The U.K.’s position on a post-Brexit relationship with the Continent is so vague that it is preventing Brussels from drafting detailed negotiating guidelines for the final phase of talks, EU officials say — potentially endangering the chances of an eventual deal.
The officials say the lack of clarity from London on what Prime Minister Theresa May’s government wants from the future relationship is making it impossible to craft a negotiating position that goes beyond generic points. That risks slowing down, or even delaying, talks on the future relationship, which are supposed to start in April.
Both sides are operating within a brutally tight timetable laid down in Article 50, so even a few weeks’ delay would cast serious doubt on their ability to agree a final withdrawal agreement. Senior officials have said talks must be completed by October to leave time for ratification by the European and national parliament before the U.K.’s official March 29, 2019 departure date.
The warnings came a day after EU27 ministers, meeting at the General Affairs Council, issued their formal directives for negotiating a Brexit transition period amid signs that terms of the transition could be more contentious than expected. But the transition negotiation is expected to be far simpler than talks on the U.K.’s future relationship with the bloc — including a framework for future trade.
Producing a negotiating position would be far easier if the EU knew what its chief negotiator, Michel Barnier, will be presented with by his British counterparts across the table and there is increasing frustration at the U.K.’s unwillingness to clarify its position on key issues beyond a request for a “deep and special” future partnership.
“Basically everything we have so far is negative: no single market; no customs union; no [European Court of Justice],” a senior EU official said. “You know, all the red lines,” the official said, adding: “We fear more and more that Theresa May and the Brits will not give us a good steer on the future relationship.”
A senior EU diplomat from a Central European country said: “The risk is quite real that in March the U.K will not be ready to give us an unambiguous message.” The diplomat added, “That concern is also shared by others.”
Senior EU leaders, including German Chancellor Angela Merkel, French President Emmanuel Macron and Dutch Prime Minister Mark Rutte, have voiced exasperation over what they regard as a continuing lack of clarity from May and her government regarding Britain’s specific objectives in the future relationship.
Merkel, in a speech at the World Economic Forum in Davos, said she was open to forging a new and close relationship with the U.K. but that the onus was on London to put forward its wishes. “It is in the hands of the United Kingdom to tell us how close a partnership it wants to have,” Merkel said. “We are open to any form of partnership.”
There were similar calls for clarity from the EU side during Phase 1 of negotiations on the divorce issues — the Brexit bill, citizens’ rights and Northern Ireland — but in that case it was the EU setting the agenda and it had clear priorities on all three. In Phase 2, many more issues are up for grabs.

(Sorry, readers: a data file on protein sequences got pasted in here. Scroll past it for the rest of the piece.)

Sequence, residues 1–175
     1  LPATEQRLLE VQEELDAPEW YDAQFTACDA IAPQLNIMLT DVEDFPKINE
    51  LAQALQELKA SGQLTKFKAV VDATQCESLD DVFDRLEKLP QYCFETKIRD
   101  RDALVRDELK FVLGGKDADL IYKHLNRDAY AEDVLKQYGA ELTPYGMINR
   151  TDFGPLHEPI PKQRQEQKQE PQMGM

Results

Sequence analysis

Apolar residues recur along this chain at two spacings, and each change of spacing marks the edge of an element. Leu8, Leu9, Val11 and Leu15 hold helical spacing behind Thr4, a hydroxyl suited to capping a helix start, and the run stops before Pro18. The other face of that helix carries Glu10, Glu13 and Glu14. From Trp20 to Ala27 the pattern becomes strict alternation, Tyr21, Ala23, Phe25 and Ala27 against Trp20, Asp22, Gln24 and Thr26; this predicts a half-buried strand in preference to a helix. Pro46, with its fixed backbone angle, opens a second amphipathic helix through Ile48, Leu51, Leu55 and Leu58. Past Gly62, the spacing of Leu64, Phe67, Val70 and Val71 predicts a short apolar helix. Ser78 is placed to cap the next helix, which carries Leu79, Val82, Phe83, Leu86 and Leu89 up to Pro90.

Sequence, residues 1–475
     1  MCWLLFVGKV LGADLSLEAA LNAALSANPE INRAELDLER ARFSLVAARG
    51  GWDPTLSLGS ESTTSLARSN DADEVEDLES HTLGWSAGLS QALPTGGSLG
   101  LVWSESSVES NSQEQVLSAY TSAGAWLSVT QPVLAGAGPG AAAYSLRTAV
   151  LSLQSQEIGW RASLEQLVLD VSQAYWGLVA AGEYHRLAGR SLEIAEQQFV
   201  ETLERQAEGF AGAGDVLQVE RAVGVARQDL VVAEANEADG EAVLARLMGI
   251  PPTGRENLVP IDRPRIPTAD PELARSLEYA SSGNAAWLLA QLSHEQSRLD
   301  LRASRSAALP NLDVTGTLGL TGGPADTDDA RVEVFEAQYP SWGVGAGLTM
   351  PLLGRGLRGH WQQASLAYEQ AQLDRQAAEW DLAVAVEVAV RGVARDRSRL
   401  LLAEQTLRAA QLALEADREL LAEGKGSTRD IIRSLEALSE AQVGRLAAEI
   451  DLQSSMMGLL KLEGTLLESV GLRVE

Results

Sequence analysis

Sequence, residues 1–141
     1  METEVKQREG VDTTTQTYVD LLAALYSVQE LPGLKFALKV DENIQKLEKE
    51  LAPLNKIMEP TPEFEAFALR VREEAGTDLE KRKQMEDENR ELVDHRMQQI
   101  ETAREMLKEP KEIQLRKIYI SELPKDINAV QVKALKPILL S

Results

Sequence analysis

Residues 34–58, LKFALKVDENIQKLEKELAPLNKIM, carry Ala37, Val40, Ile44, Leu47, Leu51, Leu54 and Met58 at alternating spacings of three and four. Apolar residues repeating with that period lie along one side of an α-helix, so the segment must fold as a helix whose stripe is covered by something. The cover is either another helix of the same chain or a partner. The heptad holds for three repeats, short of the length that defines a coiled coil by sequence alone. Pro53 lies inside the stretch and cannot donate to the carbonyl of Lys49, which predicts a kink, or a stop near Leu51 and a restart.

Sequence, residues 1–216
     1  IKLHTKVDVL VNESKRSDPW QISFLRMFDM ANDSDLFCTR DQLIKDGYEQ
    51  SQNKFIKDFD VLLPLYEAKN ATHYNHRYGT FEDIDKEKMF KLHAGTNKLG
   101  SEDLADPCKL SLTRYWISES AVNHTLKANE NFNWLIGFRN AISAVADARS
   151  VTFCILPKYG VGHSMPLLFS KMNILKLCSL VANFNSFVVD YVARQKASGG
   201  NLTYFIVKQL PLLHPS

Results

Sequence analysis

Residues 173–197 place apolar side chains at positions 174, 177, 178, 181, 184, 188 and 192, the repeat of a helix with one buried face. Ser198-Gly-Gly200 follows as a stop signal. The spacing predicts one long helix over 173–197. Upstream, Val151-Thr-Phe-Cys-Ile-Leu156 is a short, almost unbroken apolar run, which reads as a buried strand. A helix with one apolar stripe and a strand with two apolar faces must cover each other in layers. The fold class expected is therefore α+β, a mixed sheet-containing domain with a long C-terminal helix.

British negotiators are used to the accusation that their proposals lack detail, and believe that the EU uses the claim to distract from their unhappiness with the U.K.’s proposals not to erect any new barriers to trade — an approach EU officials describe as “cake and eat it.”
A U.K. government official, speaking on condition of anonymity, said: “From the beginning of this negotiation, the EU side has used the accusation of ‘lack of detail’ as a smokescreen for the fact that they don’t like some of the detail they are getting.”
May’s government has come also under fire for lacking a clear Brexit position from members of her own party. During a debate Tuesday on the EU (Withdrawal) Bill in the House of Lords, former Brexit Minister Lord James Bridges said: “What do we value more, parliamentary sovereignty and control, or market access and trade? Four months on and there are still no clear answers to these basic, critical questions.”
“All we hear day after day are conflicting, confusing voices,” he went one, “If this continues and ministers cannot agree among themselves on the future relationship the government wants, how can this prime minister possibly negotiate a clear, precise heads of terms of the future relationship with the EU?”
EU officials said it was possible the EU27 would come forward with negotiating guidelines in March based on their limited understanding so far of May’s objectives, much of it based on a speech she gave in September in Florence. But they cautioned that this would make the talks far more difficult.
Even on the relatively simple matter of a transition period where both sides agree on the basic format, the U.K. has begun raising unexpected objections. EU officials said they were stunned to hear the U.K. negotiator, David Davis, demanding that the U.K. have a mechanism for objecting to any new EU rules adopted while it does not have institutional representation in Brussels. Previously, each side had predicted the transition terms would be easy to agree.
EU27 officials on Tuesday said that the U.K. would only harm itself by prolonging the transition talks.
“We need to have an unequivocal message from them on the transition period,” the Central European diplomat said. “It doesn’t help that they talk of an ‘implementation’ period, which could mean an existing, semi-permanent phase. They are playing with ambiguity. Their participation in committees would undermine things and any extension of the transition could only prolong the limbo.”